rhine-fallsFormed during the Ice Age 15,000 years ago, the Rhine Falls gives visitors the outward experience of feeling the earth vibrating from the immense power of the water. There’s a whopping amount of 600,000 liters of water per second plummeting down, making it one of the largest waterfalls in Europe.  

There’s a viewing platform in the middle of the falls, on top of a cliff, accessible either by boat or by a short, steep climb. This is the single best way to feel the intensity of the water and have a once-in-a-lifetime experience. And just like in most cases, the 23-meter waterfall is visited best during April-May.

Engstligen Falls, Adelboden

Engstligen Falls is the second tallest waterfall in the country, with some of the most jaw-dropping magical sights available. Its thunderous water falls with such speed that even the air around you vibrates. 

As a 397-meter waterfall, the Engstligen falls to the ground and transforms into a river, upon which you can ride a boat if you feel like it. The falls are also accessible by rocky footpaths with up-close water sights. 

Surrounded by snowy mountains and cow-filled meadows full of fresh, green grass and colorful flowers, the waterfall looks enchanting. Due to its immense beauty, it’s considered a very significant site for Switzerland and is a top favorite excursion spot amongst locals and visitors.

It’s recommended to visit Engstligen falls from April through August, mainly because of rising levels of water during that time.

Trümmelbach Falls, Lauterbrunnen

Just like Staubbach falls, Trummelbach Falls is nestled in the Lauterbrunnen Valley. It consists of 10 cascades that plunge down rocky boulders and sharp cliffs; definitely one of the most intriguing waterfalls in Switzerland.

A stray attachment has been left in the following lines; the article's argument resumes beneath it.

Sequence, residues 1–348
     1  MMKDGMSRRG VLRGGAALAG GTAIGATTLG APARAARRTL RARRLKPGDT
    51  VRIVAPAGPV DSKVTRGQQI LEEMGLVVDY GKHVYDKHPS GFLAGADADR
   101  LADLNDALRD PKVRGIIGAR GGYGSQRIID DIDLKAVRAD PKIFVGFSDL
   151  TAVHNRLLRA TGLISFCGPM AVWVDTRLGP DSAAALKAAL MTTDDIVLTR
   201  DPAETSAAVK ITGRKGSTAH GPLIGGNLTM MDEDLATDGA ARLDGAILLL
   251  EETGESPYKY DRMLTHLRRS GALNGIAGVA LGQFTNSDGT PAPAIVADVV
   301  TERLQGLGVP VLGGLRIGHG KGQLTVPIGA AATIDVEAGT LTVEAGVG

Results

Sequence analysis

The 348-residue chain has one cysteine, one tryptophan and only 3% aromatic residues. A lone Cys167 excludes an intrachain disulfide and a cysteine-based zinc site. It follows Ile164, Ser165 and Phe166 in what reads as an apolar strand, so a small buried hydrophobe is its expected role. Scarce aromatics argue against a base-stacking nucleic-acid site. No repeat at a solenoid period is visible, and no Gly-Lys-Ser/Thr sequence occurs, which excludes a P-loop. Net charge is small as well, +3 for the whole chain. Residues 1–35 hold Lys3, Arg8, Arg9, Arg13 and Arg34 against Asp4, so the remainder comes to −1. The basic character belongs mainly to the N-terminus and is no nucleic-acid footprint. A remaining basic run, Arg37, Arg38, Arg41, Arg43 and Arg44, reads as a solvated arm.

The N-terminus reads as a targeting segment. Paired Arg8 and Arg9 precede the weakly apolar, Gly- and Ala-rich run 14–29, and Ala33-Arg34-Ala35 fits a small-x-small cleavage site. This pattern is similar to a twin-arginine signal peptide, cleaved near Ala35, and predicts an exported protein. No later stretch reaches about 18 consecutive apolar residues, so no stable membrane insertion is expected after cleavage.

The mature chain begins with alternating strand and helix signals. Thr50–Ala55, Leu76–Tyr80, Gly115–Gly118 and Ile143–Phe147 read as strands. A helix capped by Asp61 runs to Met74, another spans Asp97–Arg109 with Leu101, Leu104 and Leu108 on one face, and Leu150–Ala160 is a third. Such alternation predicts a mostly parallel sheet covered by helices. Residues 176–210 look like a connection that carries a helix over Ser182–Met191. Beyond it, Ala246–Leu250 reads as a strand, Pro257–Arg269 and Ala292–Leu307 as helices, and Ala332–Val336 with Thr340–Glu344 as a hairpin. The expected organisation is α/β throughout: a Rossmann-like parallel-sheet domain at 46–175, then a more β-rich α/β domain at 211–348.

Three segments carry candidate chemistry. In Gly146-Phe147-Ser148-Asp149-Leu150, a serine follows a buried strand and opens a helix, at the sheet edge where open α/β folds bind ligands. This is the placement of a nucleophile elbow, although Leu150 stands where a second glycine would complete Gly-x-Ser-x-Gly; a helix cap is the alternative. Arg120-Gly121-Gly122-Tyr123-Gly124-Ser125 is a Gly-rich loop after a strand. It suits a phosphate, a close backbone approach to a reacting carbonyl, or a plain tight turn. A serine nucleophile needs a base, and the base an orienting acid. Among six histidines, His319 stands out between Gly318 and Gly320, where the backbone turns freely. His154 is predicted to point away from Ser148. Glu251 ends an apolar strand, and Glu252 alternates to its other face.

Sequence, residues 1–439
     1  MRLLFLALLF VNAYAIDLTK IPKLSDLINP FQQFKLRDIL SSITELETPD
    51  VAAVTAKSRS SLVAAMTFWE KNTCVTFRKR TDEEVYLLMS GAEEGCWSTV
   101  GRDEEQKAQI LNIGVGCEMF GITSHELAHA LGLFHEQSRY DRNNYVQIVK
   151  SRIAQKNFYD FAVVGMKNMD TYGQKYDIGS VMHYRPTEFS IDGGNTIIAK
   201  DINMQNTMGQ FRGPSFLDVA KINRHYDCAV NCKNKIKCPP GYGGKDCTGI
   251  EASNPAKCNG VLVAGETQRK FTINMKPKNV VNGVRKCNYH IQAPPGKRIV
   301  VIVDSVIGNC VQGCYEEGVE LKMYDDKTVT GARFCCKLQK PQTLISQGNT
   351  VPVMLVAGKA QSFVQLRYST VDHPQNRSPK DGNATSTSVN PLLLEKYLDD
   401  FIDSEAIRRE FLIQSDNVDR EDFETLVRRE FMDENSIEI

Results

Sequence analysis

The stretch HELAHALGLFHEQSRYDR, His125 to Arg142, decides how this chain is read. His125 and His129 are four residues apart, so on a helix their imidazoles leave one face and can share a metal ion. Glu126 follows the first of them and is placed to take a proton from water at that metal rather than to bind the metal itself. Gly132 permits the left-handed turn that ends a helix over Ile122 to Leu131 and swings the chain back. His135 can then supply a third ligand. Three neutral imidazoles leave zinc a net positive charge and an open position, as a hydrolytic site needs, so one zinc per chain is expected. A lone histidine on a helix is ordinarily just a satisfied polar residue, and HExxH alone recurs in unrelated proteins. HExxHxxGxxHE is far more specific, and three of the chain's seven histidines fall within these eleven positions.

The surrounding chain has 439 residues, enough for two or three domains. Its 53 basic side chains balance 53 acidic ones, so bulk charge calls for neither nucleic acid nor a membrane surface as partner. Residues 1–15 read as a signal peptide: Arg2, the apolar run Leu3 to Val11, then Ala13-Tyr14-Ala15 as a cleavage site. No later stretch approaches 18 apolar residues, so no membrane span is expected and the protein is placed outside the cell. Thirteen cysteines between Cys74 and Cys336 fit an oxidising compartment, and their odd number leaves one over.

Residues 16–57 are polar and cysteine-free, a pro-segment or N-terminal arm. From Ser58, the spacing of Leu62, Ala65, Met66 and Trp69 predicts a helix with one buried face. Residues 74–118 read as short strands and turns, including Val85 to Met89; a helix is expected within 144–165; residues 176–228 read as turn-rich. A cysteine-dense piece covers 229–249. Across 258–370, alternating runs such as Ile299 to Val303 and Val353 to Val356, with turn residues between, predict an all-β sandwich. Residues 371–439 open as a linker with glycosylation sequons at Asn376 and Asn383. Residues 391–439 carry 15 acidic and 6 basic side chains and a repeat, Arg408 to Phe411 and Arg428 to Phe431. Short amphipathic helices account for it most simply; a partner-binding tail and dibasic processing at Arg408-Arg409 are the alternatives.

Interestingly enough, Trummelbach is located in the mountain’s interior, making it the most extensive underground falls in Europe. They’re loud and thundering, continuously gurgling and foaming water.

They’re the world’s only glacier waterfalls that are accessible by lifts, galleries, illuminated tunnels, paths, and platforms. They carry up to 20,000 liters of water per second and over 20,000 tons of boulders, causing the entire mountain to shudder all year long. The height of Trummelbach falls is approximately 140 meters. 

Foroglio Falls, Val Bavona (near Locarno)

foroglioThe Foroglio Falls is a spectacular waterfall created by waters from two connected glaciers in the valleys of Bavona and Calneggia. They give visitors the chance to experience striking scenery coupled with the calming sounds of crashing and splashing of the water. 

The mighty waterfall gets its name from the nearby village of Foroglio, where churches and castles of the 11th century are used and visited to this day. The trail to reach the fall is full of colorful wildflowers and simple enough for a day out in nature. The viewpoint offers beautiful sights not only of the falls but also of the Bavona Valley. 

The 110-meter high falls are at their glory from April to August, so you best get to visiting them during those months.

Giessbach Falls, Lake Brienz

giessbachSitting in the Bernese region of Switzerland, the Giessbach Falls are a preserved Swiss attraction and one of the most distinguished waterfalls in the country. The water crashes down 14 steps, all named after soldiers in the Bernese war. 

Giessbach is surrounded by forests, mountains, and meadows, offering an all-alpine experience for those who visit. Moreover, you get to see stunningly beautiful views of Lake Brienz.